To breakfast, or not to breakfast?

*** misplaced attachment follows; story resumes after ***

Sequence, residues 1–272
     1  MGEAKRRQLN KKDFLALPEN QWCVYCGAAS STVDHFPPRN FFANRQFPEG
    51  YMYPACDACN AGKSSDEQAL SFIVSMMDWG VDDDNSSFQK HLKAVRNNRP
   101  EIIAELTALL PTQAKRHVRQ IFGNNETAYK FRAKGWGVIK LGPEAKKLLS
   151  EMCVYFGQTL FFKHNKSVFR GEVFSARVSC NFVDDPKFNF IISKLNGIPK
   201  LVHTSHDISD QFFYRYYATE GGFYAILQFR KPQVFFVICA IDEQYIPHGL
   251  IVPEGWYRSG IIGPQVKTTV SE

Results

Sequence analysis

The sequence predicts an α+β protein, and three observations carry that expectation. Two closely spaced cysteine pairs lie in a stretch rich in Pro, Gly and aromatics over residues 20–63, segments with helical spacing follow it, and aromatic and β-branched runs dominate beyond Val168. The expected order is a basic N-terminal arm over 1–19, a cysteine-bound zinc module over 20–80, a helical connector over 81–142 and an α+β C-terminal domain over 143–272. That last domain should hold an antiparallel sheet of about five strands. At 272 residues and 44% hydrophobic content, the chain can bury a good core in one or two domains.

Historically, breakfast has not always been a part of our daily routine; however, dietary recommendations nowadays emphasise waking up to what is often described as “the most important meal of the day”. Despite this, there is rising popularity for a form of intermittent fasting that involves skipping breakfast, with proponents reporting weight loss and improvement in metabolic biomarkers. Does this mean we’ve been wrong about the importance of breakfast all along? Skipping breakfast may defy the body’s natural rhythms Breakfast has not always been a universally-consumed meal. The word itself is thought to have first come into use around the 15th century,[1]Anderson HA. Breakfast: a history. Lanham, Maryland: Rowman & Littlefield; 2013 although at that time breakfast was seen as a luxury for the wealthy, or a necessity for labourers, young children, the sick and the elderly. These days, however, breakfast is part of most people’s regular daily meal pattern and dietary recommendations endorse starting the day with a nutritionally-balanced meal to refuel glycogen stores, kick start metabolism, stabilise blood sugar and provide energy for the day’s activities. Breakfast skippers are also warned that they are more likely to reach for unhealthier foods or eat larger serves at their next meal and find it harder to lose weight compared with those who …

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